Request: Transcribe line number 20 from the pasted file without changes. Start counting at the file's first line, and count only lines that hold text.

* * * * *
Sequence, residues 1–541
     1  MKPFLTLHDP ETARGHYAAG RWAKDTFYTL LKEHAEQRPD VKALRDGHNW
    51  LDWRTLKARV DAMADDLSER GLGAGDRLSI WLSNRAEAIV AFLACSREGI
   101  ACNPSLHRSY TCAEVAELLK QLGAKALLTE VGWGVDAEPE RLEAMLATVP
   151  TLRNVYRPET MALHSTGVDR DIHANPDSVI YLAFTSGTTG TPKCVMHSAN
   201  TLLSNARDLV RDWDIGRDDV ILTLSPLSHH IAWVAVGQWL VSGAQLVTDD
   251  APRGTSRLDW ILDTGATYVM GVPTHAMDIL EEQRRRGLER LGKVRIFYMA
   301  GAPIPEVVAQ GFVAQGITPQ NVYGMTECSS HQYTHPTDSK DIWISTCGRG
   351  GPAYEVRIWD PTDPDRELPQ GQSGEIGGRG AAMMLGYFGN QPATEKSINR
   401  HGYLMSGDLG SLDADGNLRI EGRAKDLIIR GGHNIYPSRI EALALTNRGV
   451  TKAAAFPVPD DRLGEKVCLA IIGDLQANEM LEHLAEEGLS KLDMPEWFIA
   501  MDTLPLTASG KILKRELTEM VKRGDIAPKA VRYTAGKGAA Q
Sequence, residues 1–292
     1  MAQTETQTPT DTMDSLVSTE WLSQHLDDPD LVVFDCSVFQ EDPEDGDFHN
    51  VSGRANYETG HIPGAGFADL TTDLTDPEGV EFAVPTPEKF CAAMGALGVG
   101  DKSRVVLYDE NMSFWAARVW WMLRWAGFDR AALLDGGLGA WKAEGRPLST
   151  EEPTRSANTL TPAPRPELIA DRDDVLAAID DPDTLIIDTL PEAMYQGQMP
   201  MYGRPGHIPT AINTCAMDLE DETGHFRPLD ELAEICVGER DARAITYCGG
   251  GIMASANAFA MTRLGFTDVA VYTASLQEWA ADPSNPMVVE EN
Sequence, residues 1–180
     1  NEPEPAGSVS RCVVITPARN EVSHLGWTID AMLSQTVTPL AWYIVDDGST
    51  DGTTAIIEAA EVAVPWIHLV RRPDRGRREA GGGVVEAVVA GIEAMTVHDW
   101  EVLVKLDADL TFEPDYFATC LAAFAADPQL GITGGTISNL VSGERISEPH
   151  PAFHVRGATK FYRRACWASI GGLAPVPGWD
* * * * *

Sequence, residues 1–180